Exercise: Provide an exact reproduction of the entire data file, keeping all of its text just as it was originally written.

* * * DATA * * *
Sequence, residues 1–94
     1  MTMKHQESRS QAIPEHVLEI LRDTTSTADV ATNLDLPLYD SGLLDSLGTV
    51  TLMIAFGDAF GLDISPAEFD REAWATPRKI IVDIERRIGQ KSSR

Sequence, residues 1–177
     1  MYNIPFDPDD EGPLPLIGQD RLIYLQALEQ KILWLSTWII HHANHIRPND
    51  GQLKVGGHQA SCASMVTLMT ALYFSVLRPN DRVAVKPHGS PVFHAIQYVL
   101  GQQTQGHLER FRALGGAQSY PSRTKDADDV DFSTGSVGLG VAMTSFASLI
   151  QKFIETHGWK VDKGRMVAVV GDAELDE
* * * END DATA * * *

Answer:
Sequence, residues 1–94
     1  MTMKHQESRS QAIPEHVLEI LRDTTSTADV ATNLDLPLYD SGLLDSLGTV
    51  TLMIAFGDAF GLDISPAEFD REAWATPRKI IVDIERRIGQ KSSR

Sequence, residues 1–177
     1  MYNIPFDPDD EGPLPLIGQD RLIYLQALEQ KILWLSTWII HHANHIRPND
    51  GQLKVGGHQA SCASMVTLMT ALYFSVLRPN DRVAVKPHGS PVFHAIQYVL
   101  GQQTQGHLER FRALGGAQSY PSRTKDADDV DFSTGSVGLG VAMTSFASLI
   151  QKFIETHGWK VDKGRMVAVV GDAELDE